The End of the World
as They Knew It
American Studies Seminar
Why the Web?
Back in the 1960s when the American Studies Program was founded at Reed College, the core of the major, required of all majors but open to others as well, was a half-course called "Introduction to American Studies," a survey of American historiography and of selected primary texts from 1600 to the present. In the 1970s when budget cuts took place, "Introduction to American Studies" disappeared from the curriculum, along with Black Studies. Given the college's current financial well being and the rise of Cultural Studies more broadly as a field of interest, we have decided to return a version of Introduction to American Studies to the books, though in an updated format.
Today, introductions to American Studies are generally taught in three ways: (1) a survey of the theory of American Studies; (2) a survey of American texts from the colonial period to the present; or (3) an in depth exploration of a particular period. Since the goal for the American Studies staff was to teach students to read, discuss, and write about texts in a truly interdisciplinary way, we felt that a course that combined an introduction to methodology with an in depth look at a specific period would best allow students to meet these goals. "American Studies Seminar: The End of the World as They Knew It" was born.
"The End of the World as They Knew It" begins with a review of the basic questions facing practitioners of American Studies and the Apocalypse. This question of methodology is in no way solved: American Studies is a field in process, rather than one of strict boundaries. The course then proceeds to examine three aspects of life and culture in colonial New England, 1620-1720: Native Communities, Hope for the Apocalypse, and Despair.
What is Problem-based learning?
Problem-based learning is a new approach for teaching interdisciplinary studies. One of the great problems new researchers face in interdisciplinary studies is how to teach people to reach across disciplines and boundaries in new ways. Problem-based learning argues that the best way to teach people to do this is to give them the hands-on experience of being a researcher, rather than dogmatically telling people how to be creative thinkers.
American Studies and Cultural Studies believe that intellectual problems are often best solved not by ghettoizing texts or demanding that methodologies remain rigidly within boundaries, but by being creative and combining resources. The goal of this course is to teach you to be able to do this with comfort. Rather than just reading about American Studies you will "do" American Studies. How, you will learn, would a researcher go about understanding whether Native American communities in New England "ended" during the colonial period? What primary evidence could you use? To what secondary resources might you turn? What cultural documents and artifacts would enrich your reading? By pooling your ideas and findings, everyone will be able to take their own individual inquires further. Although I will lay out three main "problems" for you, at the end of the first day of each section I will turn to you for the questions you have about the materials. Learning to ask your own questions is important in any research project, but perhaps even more so with colonial New England, a period and place often considered one of the most difficult to penetrate in American life. You will find that the questions that perplex you about the Puritans are often the precise ones the Puritans themselves struggled with as well. I will give you three basic research questions, research skills, and some primary documents. Where we go from there is up to you.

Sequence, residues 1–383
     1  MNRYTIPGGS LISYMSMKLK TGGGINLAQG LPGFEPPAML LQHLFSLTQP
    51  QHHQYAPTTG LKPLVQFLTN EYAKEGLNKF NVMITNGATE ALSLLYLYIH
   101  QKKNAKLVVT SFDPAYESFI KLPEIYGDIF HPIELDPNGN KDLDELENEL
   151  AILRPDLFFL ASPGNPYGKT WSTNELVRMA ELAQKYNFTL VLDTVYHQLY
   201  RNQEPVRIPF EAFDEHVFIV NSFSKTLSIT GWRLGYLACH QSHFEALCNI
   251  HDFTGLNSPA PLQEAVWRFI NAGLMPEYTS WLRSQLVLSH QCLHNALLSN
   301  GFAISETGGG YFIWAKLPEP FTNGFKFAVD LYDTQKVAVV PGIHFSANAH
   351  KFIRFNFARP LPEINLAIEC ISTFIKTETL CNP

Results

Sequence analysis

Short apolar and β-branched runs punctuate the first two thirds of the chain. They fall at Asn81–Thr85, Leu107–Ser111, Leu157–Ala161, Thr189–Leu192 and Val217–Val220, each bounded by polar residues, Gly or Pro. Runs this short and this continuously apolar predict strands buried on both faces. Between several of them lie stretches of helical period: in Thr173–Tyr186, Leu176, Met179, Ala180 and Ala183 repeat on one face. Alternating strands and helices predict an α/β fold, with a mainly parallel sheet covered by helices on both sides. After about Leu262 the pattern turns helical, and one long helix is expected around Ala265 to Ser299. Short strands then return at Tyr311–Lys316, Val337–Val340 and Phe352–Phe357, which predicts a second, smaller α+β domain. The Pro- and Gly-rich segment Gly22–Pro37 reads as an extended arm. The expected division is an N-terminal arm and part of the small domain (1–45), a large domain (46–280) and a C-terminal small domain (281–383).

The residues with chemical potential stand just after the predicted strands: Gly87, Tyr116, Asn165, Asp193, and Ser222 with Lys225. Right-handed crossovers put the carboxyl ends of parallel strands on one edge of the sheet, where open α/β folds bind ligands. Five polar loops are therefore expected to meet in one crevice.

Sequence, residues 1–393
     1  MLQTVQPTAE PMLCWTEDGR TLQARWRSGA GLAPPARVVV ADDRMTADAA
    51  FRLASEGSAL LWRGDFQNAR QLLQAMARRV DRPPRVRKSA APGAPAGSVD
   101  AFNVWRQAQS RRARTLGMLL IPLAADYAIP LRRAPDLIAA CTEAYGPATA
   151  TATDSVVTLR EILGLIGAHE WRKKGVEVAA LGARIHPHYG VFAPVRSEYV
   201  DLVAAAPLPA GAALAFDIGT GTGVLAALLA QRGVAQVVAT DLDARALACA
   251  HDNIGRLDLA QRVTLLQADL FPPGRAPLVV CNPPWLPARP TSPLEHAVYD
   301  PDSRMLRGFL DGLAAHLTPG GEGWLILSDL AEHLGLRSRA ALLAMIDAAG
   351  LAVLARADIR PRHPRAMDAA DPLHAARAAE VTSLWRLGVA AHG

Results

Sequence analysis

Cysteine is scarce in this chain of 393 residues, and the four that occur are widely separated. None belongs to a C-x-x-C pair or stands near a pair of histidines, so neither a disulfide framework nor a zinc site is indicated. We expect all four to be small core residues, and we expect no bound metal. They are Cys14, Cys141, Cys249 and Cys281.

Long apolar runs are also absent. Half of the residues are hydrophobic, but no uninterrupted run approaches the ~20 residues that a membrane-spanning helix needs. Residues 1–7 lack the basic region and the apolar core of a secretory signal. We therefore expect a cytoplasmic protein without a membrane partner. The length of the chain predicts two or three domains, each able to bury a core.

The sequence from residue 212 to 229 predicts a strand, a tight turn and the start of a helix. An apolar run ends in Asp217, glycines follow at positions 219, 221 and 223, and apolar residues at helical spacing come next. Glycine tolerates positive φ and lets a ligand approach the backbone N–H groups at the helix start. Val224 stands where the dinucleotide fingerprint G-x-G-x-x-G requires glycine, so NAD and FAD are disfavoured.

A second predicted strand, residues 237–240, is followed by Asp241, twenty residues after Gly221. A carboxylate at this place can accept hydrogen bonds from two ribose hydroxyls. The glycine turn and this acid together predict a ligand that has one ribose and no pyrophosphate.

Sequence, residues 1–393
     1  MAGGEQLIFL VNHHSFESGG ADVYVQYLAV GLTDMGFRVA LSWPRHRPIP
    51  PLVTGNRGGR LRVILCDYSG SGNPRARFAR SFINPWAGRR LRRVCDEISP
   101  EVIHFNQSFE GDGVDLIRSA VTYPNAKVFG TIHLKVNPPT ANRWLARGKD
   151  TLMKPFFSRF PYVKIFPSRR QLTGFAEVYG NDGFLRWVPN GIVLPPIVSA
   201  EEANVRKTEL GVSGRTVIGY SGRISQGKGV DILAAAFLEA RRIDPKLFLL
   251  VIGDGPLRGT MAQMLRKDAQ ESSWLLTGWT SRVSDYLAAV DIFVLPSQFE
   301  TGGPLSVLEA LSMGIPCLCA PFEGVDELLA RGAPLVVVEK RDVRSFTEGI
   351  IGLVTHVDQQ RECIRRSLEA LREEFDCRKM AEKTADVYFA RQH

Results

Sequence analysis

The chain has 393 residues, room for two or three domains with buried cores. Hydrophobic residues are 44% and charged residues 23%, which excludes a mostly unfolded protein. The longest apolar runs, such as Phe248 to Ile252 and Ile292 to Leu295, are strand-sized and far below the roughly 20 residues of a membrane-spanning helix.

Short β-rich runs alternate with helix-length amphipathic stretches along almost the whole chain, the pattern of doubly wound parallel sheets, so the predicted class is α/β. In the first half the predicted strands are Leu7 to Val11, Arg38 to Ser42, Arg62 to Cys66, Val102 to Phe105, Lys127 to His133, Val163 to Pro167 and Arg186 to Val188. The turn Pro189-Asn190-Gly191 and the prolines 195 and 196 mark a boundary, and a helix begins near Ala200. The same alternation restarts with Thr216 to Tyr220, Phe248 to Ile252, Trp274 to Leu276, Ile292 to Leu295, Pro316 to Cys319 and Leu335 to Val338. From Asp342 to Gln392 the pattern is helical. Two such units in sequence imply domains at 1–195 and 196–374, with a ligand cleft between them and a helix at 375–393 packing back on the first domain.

For more information on Problem-based learning, see these WebPages:
Why will be we using a web page for much of our work? First, some resources are available only on the Internet, and some resources are available in a more timely way on the Internet. Next, the Internet allows us to communicate and pool resources not only better amongst each other, but between out community and other practitioners of American Studies. Additionally, computer texts provide a different model of intertextuality from the one supplied by the familiar codex (or bound book). Technology provides us with a way not only to present interdisciplinary analyses more effectively: it is a format that assumes that text, image, sound, and analysis belong together! Finally, only by using the Internet can one learn how to use it, and how to distinguish among its various uses as a source of information, misinformation, and communication; as techno-stimulation, entertainment, and a mode of access to other scholars.
All of the assignments for this course are web-based. (See assignments in the Writing section of the reader.) These assignments are intended to be fun as well as challenging. Each one is designed to help you practice the skills you will need for your final project, a critical edition of one of the texts covered this semester. For some of these assignments you will be asked to work in a group; in the end, however, your work is always your own. That is, I will evaluate the work you post on your own WebPages and how well you make use of the resources posted other members of the class.
Professor Laura Arnold
Reed College, Spring 2001
Department of English